Chargers Need to Make Ryan Mathews the Centerpiece on Offense

Christopher HansenNFL AnalystOctober 9, 2012

NEW ORLEANS, LA - OCTOBER 07:  Running back Ryan Mathews #24 of the San Diego Chargers carries the ball against defensive tackle Sedrick Ellis #98 of the New Orleans Saints at Mercedes-Benz Superdome on October 7, 2012 in New Orleans, Louisiana.  (Photo by Harry How/Getty Images)
Harry How/Getty Images

Injury-prone, fumble-prone and second string have been used to describe San Diego Chargers running back Ryan Mathews. The negative connotations of those words were masking more positive descriptions like fast, dynamic, quick and smart.

Mathews has had his issues, but the Chargers have been reluctant to lean on him this season despite not re-signing Mike Tolbert. The Chargers have instead tried to incorporate Ronnie Brown, Curtis Brinkley and Jackie Battle.

The Chargers have yet to realize that they need to put the offense on Mathews’ back. Mathews touched the ball 18 times in 28 offensive snaps and produced 139 yards and a touchdown. With Philip Rivers seemingly on the decline, the Chargers need a guy on the field that can put points on the board.

Brown and Battle can help Rivers move the chains, but they can’t create yards from nothing to bail the team out when the passing game isn’t working.

The Chargers need look no further than the game film from Sunday night against the Saints to determine how to divide the snaps in future weeks.


Example No. 1

The Chargers faced a 1st-and-10 from their own six-yard-line late in the second quarter, and Mathews came to the rescue.

The first run was an 18-yard scamper away from the design of the play. The Saints loaded the right ride (left side of the screen) with two linebackers and a safety.

The Chargers pulled the left guard around to the right with the fullback as the lead blocker. Defensive end Will Smith (No. 91) tried to go inside Jared Gaither, leaving a huge hole to the left side.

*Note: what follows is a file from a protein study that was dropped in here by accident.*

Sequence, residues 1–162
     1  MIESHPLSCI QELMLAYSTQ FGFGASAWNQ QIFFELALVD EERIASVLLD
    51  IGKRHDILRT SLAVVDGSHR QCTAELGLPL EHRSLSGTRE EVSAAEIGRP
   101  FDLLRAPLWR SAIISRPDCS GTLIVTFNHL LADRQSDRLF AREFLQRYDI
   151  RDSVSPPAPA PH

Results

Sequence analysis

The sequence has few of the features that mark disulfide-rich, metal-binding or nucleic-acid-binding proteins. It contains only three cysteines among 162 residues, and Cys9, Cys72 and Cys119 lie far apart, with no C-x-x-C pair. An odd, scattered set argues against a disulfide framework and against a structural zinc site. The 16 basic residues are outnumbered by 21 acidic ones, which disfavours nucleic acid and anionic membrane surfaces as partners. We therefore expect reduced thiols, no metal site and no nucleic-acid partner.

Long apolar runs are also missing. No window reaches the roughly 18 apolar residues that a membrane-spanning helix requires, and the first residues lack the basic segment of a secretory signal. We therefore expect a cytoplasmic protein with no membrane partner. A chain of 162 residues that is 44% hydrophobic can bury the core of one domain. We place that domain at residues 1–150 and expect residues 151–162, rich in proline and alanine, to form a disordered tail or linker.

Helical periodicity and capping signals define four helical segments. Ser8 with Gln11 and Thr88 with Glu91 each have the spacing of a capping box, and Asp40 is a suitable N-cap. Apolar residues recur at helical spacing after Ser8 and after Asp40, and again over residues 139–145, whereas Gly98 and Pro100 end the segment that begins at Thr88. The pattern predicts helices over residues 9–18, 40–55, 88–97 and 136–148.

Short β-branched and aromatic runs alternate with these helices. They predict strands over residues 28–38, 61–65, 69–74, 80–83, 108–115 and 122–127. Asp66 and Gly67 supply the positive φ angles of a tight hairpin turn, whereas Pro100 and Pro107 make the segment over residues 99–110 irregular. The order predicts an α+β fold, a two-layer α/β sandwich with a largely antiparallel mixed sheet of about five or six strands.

Mathews sees the Saints loaded up on one side and cuts back and uses his speed to get through a huge hole to his left.

Mathews runs through the arm tackle of safety Michael Jenkins and stumbles forward for a big gain.

Mathews picked up all 35 yards on the drive, which stalled after two incomplete passes by Rivers. The 35 yards of field position gained by Mathews and solid defense allowed the Chargers to start the next drive at their own 35.

Mathews' two runs of 12 yards started off the next drive, but then the Chargers went to the passing game and Battle and gained just 28 more yards, 25 by way of a pass interference penalty. The drive stalled and the Chargers came away with only three points.

The Chargers went to Mathews early but fazed him out on drives when they should have been leaning more heavily on him. Lesson learned: Give Mathews more touches throughout the drive.


Example No. 2

Mathews doesn’t get enough credit for his vision, and his 13-yard touchdown run was a great example. The play appears to be designed to go through the B-gap. When Mathews gets the ball, that hole looked enticing.

After two steps, Mathews saw a defender in the B-gap and C-gap. Mathews' only choice was to go outside.

Mathews uses his speed to get to the edge, and there is a clear path to the end zone. From here, Mathews just needs to run as fast as he can to the pylon.

The safety tried to cut Mathews off before he got in the end zone. Mathews does his best Superman impression and flies into the end zone to put the Chargers up by 10 points with 12:34 left in the third quarter.

The Saints would erase that lead to win. Mathews would get just seven more opportunities for the rest of the game. Lesson learned: Mathews should get carries in the red zone and late in the game when the Chargers have the lead.

The Chargers can no longer afford to play games without Mathews getting the majority of snaps at running back. The lack of usage of Mathews may ultimately cost the Chargers a win if it hasn’t already.